Postprint version. Published in Applied and Environmental Microbiology, Volume 65, Issue 1, January 1, 1999, pages 175-180.
NOTE: At the time of publication, the author Yarrow Nelson was not yet affiliated with Cal Poly.
Biogenic Mn oxides were produced by the bacterium Leptothrix discophora SS-1 (= ATCC 3182) in a chemically defined mineral salts medium, and the Pb binding and specific surface area of these oxides were characterized. Growth of SS-1 in the defined medium with pyruvate as a carbon and energy source required the addition of vitamin B12. Complete oxidation of Mn(II) within 60 h required the addition of ≥0.1 μM FeSO4. Pb adsorption isotherms were determined for the biogenic Mn oxides (and associated cells with their extracellular polymer) and compared to the Pb adsorption isotherms of cells and exopolymer alone, as well as to abiotic Mn oxides. The Pb adsorption to cells and exopolymer with biogenic Mn oxides (0.8 mmol of Mn per g) at pH 6.0 and 25°C was 2 orders of magnitude greater than the Pb adsorption to cells and exopolymer alone (on a dry weight basis). The Pb adsorption to the biogenic Mn oxide was two to five times greater than the Pb adsorption to a chemically precipitated abiotic Mn oxide and several orders of magnitude greater than the Pb adsorption to two commercially available crystalline MnO2 minerals. The N2 Brunauer-Emmet-Teller specific surface areas of the biogenic Mn oxide and fresh Mn oxide precipitate (224 and 58 m2/g, respectively) were significantly greater than those of the commercial Mn oxide minerals (0.048 and 4.7 m2/g). The Pb adsorption capacity of the biogenic Mn oxide also exceeded that of a chemically precipitated colloidal hydrous Fe oxide under similar solution conditions. These results show that amorphous biogenic Mn oxides similar to those produced by SS-1 may play a significant role in the control of trace metal phase distribution in aquatic systems.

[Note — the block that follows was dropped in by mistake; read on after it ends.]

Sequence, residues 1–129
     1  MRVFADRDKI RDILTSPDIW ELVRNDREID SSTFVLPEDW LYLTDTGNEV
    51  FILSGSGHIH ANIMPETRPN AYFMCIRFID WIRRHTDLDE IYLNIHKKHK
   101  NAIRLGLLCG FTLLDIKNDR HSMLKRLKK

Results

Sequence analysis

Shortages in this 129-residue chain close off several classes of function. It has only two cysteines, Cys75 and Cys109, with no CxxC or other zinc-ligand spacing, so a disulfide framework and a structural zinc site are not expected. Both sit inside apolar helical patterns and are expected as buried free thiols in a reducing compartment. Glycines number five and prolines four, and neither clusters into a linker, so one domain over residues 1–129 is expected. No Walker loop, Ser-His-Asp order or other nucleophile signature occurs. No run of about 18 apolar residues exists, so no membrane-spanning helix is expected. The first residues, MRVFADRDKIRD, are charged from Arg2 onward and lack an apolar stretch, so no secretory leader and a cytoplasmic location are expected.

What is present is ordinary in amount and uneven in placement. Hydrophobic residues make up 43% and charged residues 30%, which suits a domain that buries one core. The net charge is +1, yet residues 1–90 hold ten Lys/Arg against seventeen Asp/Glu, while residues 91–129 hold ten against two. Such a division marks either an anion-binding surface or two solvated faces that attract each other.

Civil and Environmental Engineering
1999, American Society for Microbiology. All Rights Reserved.
The definitive version can be found online at http://aem.asm.org/cgi/content/abstract/65/1/175.